Article  Google Scholar 

  133. Overman MJ, McDermott R, Leach JL, Lonardi S, Lenz HJ, Morse MA, Desai J, Hill A, Axelson M, Moss RA, et al. Nivolumab in patients with metastatic DNA mismatch repair-deficient or microsatellite instability-high colorectal cancer (CheckMate 142): an open-label, multicentre, phase 2 study. Lancet Oncol. 2017;18(9):1182–91.

    Article  CAS  PubMed  PubMed Central  Google Scholar 

  134. Overman MJ, Lonardi S, Wong KYM, Lenz HJ, Gelsomino F, Aglietta M, Morse MA, Van Cutsem E, McDermott R, Hill A, et al. Durable clinical benefit with nivolumab plus ipilimumab in DNA mismatch repair-deficient/microsatellite instability-high metastatic colorectal cancer. J Clin Oncol. 2018;36(8):773–9.

    Article  CAS  PubMed  Google Scholar 

  135. Bendell JC, Powderly JD, Lieu CH, Eckhardt SG, Hurwitz H, Hochster HS, Murphy JE, Funke RP, Rossi C, Wallin J, et al. Safety and efficacy of MPDL3280A (anti-PDL1) in combination with bevacizumab (bev) and/or FOLFOX in patients (pts) with metastatic colorectal cancer (mCRC). J Clin Oncol. 2015;33(3_suppl):704.

    Article  Google Scholar 

  136. Bendell JC, Bang Y-J, Chee CE, Ryan DP, McRee AJ, Chow LQ, Desai J, Wongchenko M, Yan Y, Pitcher B, et al. A phase Ib study of safety and clinical activity of atezolizumab (A) and cobimetinib (C) in patients (pts) with metastatic colorectal cancer (mCRC). J Clin Oncol. 2018;36(4_suppl):560.

    Article  Google Scholar 

  137. Segal NH, Kemeny NE, Cercek A, Reidy DL, Raasch PJ, Warren P, Hrabovsky AE, Campbell N, Shia J, Goodman KA, et al. Non-randomized phase II study to assess the efficacy of pembrolizumab (Pem) plus radiotherapy (RT) or ablation in mismatch repair proficient (pMMR) metastatic colorectal cancer (mCRC) patients. J Clin Oncol. 2016;34(15_suppl):3539.

    Article  Google Scholar 

  138. Yarchoan M, Ferguson AK, Durham JN, Rozich N, Rodriguez C, Huang C-Y, Browner IS, Jesus-Acosta AD, Le DT, Laheru D, et al. A phase II study of GVAX colon vaccine with cyclophosphamide and pembrolizumab in patients with mismatch repair–proficient (MMR-p) advanced colorectal cancer. J Clin Oncol. 2019;37(4_suppl):563.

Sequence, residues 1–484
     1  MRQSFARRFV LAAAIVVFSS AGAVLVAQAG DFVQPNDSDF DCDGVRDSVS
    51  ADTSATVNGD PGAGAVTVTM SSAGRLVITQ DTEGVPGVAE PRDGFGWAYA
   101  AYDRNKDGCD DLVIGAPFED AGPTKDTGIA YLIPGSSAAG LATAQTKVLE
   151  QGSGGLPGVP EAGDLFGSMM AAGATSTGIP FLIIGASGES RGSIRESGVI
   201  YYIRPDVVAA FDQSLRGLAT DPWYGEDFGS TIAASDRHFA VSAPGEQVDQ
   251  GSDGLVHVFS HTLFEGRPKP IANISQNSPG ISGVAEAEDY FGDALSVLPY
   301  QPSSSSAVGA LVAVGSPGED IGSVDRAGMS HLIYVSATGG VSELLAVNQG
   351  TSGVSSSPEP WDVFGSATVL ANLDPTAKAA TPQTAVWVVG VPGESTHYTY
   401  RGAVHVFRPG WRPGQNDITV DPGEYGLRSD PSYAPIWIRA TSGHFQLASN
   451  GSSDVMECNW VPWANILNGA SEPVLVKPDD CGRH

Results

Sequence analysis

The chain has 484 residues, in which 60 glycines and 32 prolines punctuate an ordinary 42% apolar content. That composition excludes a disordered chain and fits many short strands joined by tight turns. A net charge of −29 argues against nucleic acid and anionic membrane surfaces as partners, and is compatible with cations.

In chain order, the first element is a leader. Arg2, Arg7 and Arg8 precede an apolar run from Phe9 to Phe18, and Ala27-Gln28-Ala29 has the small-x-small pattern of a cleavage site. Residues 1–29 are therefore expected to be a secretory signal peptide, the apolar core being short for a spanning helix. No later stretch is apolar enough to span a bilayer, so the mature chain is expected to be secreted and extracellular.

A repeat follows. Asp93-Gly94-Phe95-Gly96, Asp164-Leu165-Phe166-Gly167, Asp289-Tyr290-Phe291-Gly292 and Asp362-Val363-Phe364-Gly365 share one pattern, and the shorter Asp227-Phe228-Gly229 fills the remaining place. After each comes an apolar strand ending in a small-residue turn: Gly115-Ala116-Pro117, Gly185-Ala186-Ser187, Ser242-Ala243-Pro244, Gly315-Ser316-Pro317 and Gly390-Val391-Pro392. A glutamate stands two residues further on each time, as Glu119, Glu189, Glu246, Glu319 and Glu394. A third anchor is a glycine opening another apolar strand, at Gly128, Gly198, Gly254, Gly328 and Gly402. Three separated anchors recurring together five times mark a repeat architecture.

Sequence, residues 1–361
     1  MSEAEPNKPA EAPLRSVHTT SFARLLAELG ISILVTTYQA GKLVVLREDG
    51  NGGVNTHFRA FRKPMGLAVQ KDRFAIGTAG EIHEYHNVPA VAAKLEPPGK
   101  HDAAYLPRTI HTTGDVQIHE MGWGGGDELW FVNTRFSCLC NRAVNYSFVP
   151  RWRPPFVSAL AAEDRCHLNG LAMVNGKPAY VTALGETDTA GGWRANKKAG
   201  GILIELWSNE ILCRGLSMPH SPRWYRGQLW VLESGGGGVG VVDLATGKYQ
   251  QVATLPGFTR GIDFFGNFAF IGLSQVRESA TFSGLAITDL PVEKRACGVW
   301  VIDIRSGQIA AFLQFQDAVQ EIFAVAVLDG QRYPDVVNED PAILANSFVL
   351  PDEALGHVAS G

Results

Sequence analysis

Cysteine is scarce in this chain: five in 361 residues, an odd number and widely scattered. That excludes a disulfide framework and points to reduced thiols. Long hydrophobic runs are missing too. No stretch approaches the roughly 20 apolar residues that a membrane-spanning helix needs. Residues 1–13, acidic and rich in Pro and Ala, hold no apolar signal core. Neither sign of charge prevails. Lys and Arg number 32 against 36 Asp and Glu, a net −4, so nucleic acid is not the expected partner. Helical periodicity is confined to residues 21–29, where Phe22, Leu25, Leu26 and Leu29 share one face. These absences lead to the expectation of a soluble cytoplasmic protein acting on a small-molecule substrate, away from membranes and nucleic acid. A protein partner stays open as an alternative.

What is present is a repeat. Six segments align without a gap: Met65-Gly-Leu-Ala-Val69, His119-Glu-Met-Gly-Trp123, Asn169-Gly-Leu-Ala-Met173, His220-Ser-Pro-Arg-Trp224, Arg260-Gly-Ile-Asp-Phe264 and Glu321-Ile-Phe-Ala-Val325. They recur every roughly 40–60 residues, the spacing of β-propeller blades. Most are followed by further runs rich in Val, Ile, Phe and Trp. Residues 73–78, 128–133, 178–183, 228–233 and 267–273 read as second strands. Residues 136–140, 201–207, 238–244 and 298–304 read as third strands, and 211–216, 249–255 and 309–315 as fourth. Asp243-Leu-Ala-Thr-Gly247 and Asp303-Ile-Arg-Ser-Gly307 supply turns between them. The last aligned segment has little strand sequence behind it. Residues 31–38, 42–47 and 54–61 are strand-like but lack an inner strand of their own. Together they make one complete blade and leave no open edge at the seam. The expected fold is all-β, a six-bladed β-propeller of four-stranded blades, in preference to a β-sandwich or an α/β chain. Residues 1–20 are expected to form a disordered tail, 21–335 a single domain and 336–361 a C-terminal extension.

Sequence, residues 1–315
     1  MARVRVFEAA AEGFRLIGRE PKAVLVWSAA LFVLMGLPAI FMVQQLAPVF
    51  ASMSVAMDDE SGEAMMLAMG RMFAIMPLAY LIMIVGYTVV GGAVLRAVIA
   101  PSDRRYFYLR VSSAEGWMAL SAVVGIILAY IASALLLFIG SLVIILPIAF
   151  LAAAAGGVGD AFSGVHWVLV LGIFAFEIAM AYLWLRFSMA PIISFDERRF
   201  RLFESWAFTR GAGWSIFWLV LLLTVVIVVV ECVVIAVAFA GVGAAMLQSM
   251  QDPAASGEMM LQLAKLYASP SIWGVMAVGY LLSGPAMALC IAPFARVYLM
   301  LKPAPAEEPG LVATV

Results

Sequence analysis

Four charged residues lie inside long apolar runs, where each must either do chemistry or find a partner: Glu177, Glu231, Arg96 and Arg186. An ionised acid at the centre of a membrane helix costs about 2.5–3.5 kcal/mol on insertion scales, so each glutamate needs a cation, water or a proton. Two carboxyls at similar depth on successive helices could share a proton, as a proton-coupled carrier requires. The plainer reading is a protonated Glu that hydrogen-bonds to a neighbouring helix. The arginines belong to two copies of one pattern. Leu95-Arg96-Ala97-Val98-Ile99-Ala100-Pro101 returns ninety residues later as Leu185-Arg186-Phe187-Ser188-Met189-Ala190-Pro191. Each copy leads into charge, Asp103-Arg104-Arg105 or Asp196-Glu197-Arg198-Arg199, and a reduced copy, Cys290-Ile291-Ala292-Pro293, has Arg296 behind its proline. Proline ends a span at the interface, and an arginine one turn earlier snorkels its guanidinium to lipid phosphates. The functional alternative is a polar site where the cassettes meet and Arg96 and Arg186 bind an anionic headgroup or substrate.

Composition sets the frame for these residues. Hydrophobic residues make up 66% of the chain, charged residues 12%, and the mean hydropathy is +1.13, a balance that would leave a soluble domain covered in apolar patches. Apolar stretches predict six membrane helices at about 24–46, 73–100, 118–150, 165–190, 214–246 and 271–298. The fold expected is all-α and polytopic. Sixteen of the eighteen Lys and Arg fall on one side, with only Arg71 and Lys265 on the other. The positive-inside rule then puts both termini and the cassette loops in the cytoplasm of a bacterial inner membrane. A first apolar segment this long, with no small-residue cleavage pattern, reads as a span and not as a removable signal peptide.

Article  Google Scholar 

  139. Chen EX, Jonker DJ, Kennecke HF, Berry SR, Couture F, Ahmad CE, Goffin JR, Kavan P, Harb M, Colwell B, et al. CCTG CO.26 trial: a phase II randomized study of durvalumab (D) plus tremelimumab (T) and best supportive care (BSC) versus BSC alone in patients (pts) with advanced refractory colorectal carcinoma (rCRC). J Clin Oncol. 2019;37(4_suppl):481.

    Article  Google Scholar 

  140. Ebert PJ, Cheung J, Yang Y, McNamara E, Hong R, Moskalenko M, Gould SE, Maecker H, Irving BA, Kim JM. MAP kinase inhibition promotes T cell and anti-tumor activity in combination with PD-L1 checkpoint blockade. Immunity. 2016;44(3):609–21.

    Article  CAS  PubMed  Google Scholar 

Download references


Not applicable.


This work was supported by International Science and Technology Cooperation Projects (2016YFE0107100 and 2015DFA30650), CAMS Innovation Fund for Medical Science (CIFMS) (2017-I2M-4-003), Capital Special Research Project for Health Development (2014-2-4012), Beijing Natural Science Foundation (L172055), and National Ten-thousand Talent Program and Beijing Science and Technology Cooperation Special Award Subsidy Project. CAMS Initiative for Innovative Medicine (CAMS-2018-I2M-3-001).

Availability of data and materials

All data generated or analyzed during this study are included in this published article and its supplementary information files.

Author information

Authors and Affiliations



DW, JL and XY searched the literature and wrote the manuscript. JL, YB and XY helped to collect literature and participated in discussions. YM, XS and HZ designed the study. SS and HZ examined and verified the study. All authors read and approved the final manuscript.

Corresponding author

Correspondence to Haitao Zhao.

Ethics declarations

Ethics approval and consent to participate

Not applicable.

Consent for publication

Not applicable.

Competing interests

The authors declare that they have no competing interests.

Publisher’s Note

Springer Nature remains neutral with regard to jurisdictional claims in published maps and institutional affiliations.

Rights and permissions

Open Access This article is distributed under the terms of the Creative Commons Attribution 4.0 International License (, which permits unrestricted use, distribution, and reproduction in any medium, provided you give appropriate credit to the original author(s) and the source, provide a link to the Creative Commons license, and indicate if changes were made. The Creative Commons Public Domain Dedication waiver ( applies to the data made available in this article, unless otherwise stated.

Reprints and permissions

About this article

Check for updates. Verify currency and authenticity via CrossMark

Cite this article

Wang, D., Lin, J., Yang, X. et al. Combination regimens with PD-1/PD-L1 immune checkpoint inhibitors for gastrointestinal malignancies. J Hematol Oncol 12, 42 (2019).

Download citation

  • Received:

  • Accepted:

  • Published:

  • DOI: